[00:14:20] Anup: It's. But, but that was a hard measure. I think for us as intensivists, we like to loop. We like to get that it to bid right away. If that baby's hypoxic or. Um, you know, be able to, you know, improve that baby's, uh, lung aeration quickly on the ventilator. We do all kinds of things fast. And I think delayed cord clamping, and when we talk about the nomenclature, I get a lot of, we should change the name, but I think that's a hard thing for us to, to deal with in this field.

[00:14:46] Ben: Do you think it has to do with the segmentation of care? Do you think that because I mean, at the end of the day, what we tend to forget is that pediatricians did not exist for some time, and the obese were the one who cared for both mother and baby. And [00:15:00] then we we proceed through the ages, and we have this segmentation that happens where now the pediatrician is is here.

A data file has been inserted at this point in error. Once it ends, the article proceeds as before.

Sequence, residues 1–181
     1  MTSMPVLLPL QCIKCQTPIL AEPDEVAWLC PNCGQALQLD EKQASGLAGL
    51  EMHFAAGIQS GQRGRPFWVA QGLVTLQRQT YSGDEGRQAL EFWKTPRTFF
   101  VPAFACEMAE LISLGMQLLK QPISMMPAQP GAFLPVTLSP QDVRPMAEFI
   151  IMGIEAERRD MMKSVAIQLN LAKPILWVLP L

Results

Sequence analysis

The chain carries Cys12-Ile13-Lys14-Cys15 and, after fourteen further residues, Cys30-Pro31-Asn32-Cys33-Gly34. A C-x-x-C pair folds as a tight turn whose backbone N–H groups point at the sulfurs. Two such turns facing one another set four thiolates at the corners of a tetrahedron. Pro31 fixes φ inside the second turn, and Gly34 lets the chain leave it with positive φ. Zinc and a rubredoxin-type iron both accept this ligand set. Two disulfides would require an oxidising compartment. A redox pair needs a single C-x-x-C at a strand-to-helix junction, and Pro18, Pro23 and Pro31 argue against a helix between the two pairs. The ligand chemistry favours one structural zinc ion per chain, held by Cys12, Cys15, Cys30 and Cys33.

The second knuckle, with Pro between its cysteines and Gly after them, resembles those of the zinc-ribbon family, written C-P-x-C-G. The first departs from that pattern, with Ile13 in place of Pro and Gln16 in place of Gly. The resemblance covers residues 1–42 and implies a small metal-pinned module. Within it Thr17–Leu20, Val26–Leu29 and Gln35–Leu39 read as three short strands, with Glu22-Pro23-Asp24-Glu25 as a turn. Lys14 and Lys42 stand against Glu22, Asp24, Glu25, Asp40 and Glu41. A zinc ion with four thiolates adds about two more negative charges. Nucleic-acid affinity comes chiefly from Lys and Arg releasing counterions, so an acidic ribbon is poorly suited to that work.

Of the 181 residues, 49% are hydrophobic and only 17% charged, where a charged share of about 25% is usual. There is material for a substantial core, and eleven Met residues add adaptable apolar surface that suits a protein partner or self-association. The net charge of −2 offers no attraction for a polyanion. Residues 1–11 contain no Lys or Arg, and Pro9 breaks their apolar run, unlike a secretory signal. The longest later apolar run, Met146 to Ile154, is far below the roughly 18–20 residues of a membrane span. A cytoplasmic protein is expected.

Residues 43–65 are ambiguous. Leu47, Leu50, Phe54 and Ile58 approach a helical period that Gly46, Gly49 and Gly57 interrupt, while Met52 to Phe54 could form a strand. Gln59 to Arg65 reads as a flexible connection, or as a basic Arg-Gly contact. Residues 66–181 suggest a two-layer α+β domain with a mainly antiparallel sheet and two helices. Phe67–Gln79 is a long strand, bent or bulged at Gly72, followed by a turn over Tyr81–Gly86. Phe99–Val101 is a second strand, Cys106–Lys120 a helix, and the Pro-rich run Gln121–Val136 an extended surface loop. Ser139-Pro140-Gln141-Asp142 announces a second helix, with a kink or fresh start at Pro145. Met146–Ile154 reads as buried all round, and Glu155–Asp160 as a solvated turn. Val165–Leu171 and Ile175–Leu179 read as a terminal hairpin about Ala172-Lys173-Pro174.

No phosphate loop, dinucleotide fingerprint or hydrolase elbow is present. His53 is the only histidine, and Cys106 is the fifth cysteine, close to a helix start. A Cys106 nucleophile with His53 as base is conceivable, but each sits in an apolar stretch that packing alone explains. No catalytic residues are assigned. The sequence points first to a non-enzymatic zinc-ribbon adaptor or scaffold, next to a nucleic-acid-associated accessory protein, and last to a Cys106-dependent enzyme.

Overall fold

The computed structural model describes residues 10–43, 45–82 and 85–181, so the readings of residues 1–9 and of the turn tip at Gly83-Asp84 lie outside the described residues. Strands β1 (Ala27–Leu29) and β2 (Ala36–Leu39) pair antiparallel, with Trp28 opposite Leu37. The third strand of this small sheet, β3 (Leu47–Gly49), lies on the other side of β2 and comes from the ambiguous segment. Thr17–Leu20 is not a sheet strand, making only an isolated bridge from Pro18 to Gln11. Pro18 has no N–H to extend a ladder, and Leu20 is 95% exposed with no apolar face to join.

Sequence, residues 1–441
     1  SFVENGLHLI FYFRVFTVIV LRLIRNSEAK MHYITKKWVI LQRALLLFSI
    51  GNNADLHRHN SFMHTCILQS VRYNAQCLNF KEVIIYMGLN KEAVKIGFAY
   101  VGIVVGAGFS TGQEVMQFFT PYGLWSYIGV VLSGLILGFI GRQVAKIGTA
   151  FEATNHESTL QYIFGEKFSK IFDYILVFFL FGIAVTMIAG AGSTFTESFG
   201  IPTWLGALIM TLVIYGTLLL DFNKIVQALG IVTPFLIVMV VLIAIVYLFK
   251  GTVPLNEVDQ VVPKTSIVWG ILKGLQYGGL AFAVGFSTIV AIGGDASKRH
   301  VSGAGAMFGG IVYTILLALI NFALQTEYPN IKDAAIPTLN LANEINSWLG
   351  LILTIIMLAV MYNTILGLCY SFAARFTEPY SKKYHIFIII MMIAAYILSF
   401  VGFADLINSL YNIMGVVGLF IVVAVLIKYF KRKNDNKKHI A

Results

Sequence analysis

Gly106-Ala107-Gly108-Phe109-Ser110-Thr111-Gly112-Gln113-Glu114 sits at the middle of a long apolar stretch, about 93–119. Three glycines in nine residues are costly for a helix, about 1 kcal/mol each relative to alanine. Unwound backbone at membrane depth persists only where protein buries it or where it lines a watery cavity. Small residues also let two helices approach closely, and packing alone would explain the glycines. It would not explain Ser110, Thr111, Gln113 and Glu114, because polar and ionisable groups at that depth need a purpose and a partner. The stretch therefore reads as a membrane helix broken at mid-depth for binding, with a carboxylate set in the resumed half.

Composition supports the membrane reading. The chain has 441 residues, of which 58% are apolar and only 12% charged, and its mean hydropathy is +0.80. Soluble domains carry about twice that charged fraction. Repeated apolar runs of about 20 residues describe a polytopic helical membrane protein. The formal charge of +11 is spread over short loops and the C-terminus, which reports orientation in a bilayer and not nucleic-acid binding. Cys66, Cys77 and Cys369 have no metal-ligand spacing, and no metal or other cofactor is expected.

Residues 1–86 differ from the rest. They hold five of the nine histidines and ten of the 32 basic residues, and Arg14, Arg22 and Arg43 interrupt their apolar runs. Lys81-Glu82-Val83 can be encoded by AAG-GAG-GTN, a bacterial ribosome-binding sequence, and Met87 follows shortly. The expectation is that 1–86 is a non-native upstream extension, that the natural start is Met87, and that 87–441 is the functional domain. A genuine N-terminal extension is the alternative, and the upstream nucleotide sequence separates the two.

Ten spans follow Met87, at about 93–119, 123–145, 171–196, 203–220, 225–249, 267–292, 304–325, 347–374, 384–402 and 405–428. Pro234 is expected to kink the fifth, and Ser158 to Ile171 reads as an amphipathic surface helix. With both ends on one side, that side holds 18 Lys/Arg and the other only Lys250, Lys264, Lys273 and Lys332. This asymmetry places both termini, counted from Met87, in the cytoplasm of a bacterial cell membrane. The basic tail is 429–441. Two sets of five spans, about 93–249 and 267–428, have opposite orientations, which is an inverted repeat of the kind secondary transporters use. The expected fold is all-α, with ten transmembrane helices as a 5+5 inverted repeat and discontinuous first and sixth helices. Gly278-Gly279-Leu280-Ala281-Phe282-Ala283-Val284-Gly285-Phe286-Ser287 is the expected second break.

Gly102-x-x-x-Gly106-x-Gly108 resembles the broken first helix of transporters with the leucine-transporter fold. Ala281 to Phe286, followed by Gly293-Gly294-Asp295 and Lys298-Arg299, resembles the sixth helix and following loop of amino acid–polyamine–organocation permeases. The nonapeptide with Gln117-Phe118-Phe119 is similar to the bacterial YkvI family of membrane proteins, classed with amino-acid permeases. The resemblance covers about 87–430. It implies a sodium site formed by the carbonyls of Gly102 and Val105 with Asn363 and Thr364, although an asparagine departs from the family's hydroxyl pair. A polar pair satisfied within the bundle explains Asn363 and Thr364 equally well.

[00:15:06] Ben: And then we have a mother that's being cared for by an obstetrician and a baby that's there to be seen by a pediatrician. So is. And it seems very confusing as to who's responsible for what, right? Is the late court clamping the duty of the OB? Is it the ACOG's responsibility? And then the AAP will say, we support that.

[00:15:26] Ben: Or is it our responsibility? I'm just wondering, what is your thought? What are your thoughts on that?

[00:15:32] Anup: Yeah, I know. It's, it's really, that's a great point. Uh, cause you think of our obstetricians, they're, they're not NRP trained, right? So first steps of, you know, even warm, dry stimulation, that's something I really advocate as a success for delayed cord clamping in preterms. Um, has to sort of been, you know, be pushed with their obstetrical callings.